The next time you sit next to Archie Burnett, just listen, and listen carefully. You probably won’t find another artist that humble and wise for the next years. For our luck, this man had the vision and oportunity to be able to travel all over the world spreading his knowledge.
A house dancer who also teaches vogue, waacking, hustle and many more. You probably know him for being one of the original Ninjas (named by Willi Ninja himself), who nowadays is also the grandfather of the House of Ninja.
Last july we had the priviledge to spend some time with this icon and hang out with him listening to his favourite songs, which happen to become our favourit songs aswell. Thanks to him, i tried cheesecake for the first time in my life, in Junior’s, that he claims to be the best in New York City. We drove and walked through Crown Heights, where he lives, talking about Trump and Temer. When we mentioned that we would like to go to Vivacious’s drag show, he not only called her and warned that he was sending his girls – letting her be prepared to make a scene with the brazilian girls – but also drove almost an hour to meet us there. Lastly, in our last days in NYC, he took us to his favourite barber shop in Queens, where he’s been a costumer for more than 15 years. While he was cutting his hair, he spoke to us.
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Archie Burnett falou que voltava e cumpriu! O homem mais elegante da ballroom scene está de volta para mais uma série de aulas e ensinamentos. E se você acha que não pode ou que o Vogue não é pra você… ele garante: você PODE! Quem você acha que é o terceiro convidado? Faça suas apostas! E a gente ainda conta mais: pare de dar close errado e garanta logo seu ticket mágico no lote promocional! Link na bio 💙💜
BH is Voguing: How did you start Voguing? When and why did it happen?
Archie Burnett: Well, let’s see, I started in 1980, Voguing. I found that out by accident, cause after coming from the club – The Loft – we used to go to Washington Square Park, cause the party started at midnight and it went on ‘till Sunday, the next day, ‘till about one in the afternoon. So what we did is we went to the park and took the balloons, and sold them for money for batteries for the boombox, you know? So we’re dancing in the park.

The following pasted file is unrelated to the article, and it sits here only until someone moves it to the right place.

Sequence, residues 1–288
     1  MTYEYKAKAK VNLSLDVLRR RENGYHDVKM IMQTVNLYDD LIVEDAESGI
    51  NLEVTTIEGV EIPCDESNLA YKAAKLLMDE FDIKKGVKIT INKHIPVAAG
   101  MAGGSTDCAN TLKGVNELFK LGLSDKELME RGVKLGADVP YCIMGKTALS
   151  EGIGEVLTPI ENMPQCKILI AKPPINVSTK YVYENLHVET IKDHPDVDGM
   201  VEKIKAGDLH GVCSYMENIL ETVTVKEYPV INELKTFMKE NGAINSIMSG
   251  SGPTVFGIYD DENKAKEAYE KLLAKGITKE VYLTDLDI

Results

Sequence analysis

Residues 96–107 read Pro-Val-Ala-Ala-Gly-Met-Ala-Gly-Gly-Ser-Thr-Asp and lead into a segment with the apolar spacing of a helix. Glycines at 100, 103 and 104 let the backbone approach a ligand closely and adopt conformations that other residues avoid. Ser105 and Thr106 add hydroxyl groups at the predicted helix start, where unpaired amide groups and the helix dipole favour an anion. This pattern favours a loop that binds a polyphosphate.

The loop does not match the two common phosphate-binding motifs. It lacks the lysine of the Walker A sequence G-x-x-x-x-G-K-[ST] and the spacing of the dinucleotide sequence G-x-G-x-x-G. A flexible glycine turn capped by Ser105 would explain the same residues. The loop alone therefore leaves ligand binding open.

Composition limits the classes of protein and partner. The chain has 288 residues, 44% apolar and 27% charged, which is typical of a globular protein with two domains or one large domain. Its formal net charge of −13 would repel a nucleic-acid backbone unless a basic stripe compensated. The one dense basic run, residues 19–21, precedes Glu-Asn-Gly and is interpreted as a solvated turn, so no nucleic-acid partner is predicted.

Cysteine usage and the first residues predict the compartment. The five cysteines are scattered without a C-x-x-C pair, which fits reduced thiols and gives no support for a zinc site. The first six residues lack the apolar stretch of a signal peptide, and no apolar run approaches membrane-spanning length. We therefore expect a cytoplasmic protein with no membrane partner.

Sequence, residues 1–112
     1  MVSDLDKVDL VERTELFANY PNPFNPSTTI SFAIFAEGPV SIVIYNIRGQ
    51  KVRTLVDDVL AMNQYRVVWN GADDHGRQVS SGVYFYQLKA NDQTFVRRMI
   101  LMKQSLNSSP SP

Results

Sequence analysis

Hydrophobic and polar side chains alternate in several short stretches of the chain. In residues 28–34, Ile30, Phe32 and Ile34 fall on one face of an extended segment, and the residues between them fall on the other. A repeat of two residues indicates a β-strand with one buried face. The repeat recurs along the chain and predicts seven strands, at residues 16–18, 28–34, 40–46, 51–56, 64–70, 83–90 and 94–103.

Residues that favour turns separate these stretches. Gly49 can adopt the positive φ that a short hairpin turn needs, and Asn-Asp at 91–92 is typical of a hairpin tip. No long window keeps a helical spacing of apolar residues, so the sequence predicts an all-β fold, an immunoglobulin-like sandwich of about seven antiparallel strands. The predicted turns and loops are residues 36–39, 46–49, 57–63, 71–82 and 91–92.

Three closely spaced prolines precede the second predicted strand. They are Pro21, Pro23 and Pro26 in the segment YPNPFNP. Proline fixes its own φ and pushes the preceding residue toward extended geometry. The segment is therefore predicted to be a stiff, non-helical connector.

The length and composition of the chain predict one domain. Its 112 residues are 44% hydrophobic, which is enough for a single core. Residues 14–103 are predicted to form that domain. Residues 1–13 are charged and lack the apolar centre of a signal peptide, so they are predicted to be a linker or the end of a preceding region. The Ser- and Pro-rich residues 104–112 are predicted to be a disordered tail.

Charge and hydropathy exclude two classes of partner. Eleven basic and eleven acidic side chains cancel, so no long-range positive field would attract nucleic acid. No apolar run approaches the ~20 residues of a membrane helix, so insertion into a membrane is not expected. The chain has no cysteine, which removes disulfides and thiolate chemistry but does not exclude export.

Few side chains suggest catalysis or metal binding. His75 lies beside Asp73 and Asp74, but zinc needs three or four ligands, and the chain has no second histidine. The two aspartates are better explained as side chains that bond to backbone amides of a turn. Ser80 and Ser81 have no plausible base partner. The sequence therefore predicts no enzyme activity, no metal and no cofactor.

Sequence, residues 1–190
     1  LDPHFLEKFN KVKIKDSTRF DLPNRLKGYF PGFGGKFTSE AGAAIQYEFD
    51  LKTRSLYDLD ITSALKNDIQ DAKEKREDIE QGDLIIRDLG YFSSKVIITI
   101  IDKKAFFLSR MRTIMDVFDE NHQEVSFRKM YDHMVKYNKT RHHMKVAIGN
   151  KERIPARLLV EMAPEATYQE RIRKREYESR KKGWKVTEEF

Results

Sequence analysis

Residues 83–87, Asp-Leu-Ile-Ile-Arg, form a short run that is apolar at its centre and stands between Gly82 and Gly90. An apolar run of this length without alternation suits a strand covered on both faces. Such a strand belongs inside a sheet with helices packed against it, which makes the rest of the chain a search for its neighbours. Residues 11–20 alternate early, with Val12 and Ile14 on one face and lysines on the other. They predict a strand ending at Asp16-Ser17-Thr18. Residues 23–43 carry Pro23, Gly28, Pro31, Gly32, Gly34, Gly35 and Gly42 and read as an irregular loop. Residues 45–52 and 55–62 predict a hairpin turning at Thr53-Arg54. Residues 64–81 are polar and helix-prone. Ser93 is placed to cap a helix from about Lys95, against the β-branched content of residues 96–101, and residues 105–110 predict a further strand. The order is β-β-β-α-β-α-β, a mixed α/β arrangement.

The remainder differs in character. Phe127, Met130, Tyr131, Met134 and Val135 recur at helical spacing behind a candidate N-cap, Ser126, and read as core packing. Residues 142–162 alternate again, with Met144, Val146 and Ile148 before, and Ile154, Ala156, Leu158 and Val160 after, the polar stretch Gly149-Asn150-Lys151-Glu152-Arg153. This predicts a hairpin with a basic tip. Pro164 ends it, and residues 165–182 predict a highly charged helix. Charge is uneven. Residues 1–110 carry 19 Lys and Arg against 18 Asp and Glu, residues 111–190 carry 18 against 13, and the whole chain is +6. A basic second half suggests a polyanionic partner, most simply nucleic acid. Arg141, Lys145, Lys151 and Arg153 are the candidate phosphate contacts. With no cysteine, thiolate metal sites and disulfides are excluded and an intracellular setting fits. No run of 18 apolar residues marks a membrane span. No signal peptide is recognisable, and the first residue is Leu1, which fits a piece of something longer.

So, I saw these different entrances in the park, we used to nickname the entrances because there’s, like, about four entrances into Washington Square Park. So we gave them nicknames where a certain clientele used to hang out. So, one was lesbo row, the other one as fag alley. The other one was like, where the Jamaicans were, they were selling drugs over there, you know… So, that’s where I first saw it. In Washington Square Park. And it’s really weird when I saw that, then I said: you know what? My exact words were: you know what? I gotta have me some of that. Yeah.
BHV: When was it?
BHV: Who was with you?
AB: A friend of mine, Anthony Marshall. He’s no longer here, cause he died to the virus. Yeah… Cause I asked him what that was and he told me that was Voguing. And it was old way, the Egyptian thing. And I was, like: yeah, I like that!
BHV: You were already a dancer.
AB: Yeah, I mean, I’ve been a dancer since I was 3 years old, you know? So, that was just another thing that tuned me on.
BHV: And what happened after that?
AB: Well, then, you know. Still, I went to the clubs and then I met Willi [Ninja] in Washington Square Park. And then we started hanging out and I started going to some of the clubs that he went to. And the clubs that he went to, that’s where I saw a lot of that stuff – Tracks, you know? There was a whole world I didn’t know about, just didn’t know about it. You know?